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Significant gaps exist in children’s mental healthcare, and barriers prevent access to existing services. Current federal initiatives call for state governmental agencies to recognize and resolve deficits in their systems of care. Previous work has acknowledged some of the problems in meeting the mental health needs of children within a system of care. This current project sought to discriminate between gaps (e.g., non-existent services) and barriers (e.g., problems that prevent access to existing services) within state mental health care plans. Because acknowledging barriers and gaps in mental health services is a step towards systems improvement, the present project describes how state governments recognize the limits of their children’s mental health care systems. We analyzed state mental health plans submitted to the federal government in applications for block grant funds. Results illustrate that a varied number of gaps and barriers are acknowledged in state plans. Overall, 90% of state plans discussed barriers and 84% of state plans discussed service gaps. The gap most frequently recognized was lack of providers (74%), while lack of funding (52%) was the most common barrier. This project points to some recognition of system limits in the states and reflects potential efforts to create policies for system improvement for children and families.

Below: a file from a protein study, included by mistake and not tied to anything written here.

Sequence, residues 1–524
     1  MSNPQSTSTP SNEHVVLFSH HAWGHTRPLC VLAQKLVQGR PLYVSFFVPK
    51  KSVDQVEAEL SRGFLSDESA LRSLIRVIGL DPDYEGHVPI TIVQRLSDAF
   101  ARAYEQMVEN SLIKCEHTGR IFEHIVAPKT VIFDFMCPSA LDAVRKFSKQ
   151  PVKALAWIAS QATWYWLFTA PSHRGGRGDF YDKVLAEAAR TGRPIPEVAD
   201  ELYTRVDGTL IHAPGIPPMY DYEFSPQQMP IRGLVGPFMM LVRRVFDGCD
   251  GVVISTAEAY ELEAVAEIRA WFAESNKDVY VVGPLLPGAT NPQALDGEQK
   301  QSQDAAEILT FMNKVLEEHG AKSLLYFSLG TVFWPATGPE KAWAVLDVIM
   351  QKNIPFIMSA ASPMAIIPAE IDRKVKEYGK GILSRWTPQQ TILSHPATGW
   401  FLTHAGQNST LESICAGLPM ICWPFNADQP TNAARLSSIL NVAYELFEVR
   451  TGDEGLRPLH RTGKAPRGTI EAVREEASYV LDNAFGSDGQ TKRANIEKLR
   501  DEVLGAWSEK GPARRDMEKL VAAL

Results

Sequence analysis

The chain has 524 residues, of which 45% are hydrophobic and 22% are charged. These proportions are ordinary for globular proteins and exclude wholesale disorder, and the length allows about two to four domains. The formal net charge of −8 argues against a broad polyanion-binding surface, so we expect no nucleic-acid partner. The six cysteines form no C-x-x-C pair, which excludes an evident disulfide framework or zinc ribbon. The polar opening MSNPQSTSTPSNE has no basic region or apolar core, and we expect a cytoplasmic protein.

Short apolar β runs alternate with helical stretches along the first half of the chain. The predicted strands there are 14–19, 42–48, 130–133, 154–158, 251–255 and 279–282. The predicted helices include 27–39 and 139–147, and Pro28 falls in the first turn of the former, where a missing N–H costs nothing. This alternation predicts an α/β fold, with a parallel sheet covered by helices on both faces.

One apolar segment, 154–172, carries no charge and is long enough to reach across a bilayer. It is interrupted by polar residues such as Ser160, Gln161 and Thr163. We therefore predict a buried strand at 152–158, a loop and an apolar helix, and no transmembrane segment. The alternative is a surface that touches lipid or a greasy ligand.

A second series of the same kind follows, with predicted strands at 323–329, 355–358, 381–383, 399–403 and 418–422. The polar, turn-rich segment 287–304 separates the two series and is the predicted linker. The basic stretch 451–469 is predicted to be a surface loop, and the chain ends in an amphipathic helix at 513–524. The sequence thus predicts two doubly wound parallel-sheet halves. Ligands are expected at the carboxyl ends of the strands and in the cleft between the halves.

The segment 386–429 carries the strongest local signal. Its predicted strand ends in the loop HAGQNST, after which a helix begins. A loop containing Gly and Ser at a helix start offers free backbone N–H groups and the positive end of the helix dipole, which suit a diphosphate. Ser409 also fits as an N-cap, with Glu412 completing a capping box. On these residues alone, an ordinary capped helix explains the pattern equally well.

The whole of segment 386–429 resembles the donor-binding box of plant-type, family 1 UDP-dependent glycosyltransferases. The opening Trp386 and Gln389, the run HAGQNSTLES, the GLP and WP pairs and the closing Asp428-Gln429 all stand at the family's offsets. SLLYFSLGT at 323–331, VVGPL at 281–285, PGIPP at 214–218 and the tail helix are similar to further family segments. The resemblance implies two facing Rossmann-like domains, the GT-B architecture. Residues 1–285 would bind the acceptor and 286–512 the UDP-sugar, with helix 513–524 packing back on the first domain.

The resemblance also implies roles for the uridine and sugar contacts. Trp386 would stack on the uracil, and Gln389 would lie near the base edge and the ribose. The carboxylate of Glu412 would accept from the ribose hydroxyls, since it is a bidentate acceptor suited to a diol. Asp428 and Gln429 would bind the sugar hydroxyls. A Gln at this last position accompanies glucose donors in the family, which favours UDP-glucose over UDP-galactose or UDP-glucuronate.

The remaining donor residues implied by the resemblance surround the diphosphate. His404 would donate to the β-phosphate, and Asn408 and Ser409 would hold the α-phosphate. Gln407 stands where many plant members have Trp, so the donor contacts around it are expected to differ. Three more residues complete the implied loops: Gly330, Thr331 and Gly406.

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- Gaps and Barriers in Services for Children in State Mental Health Plans
Sara R. Gould
Sarah E. Beals-Erickson
Michael C. Roberts
- Springer US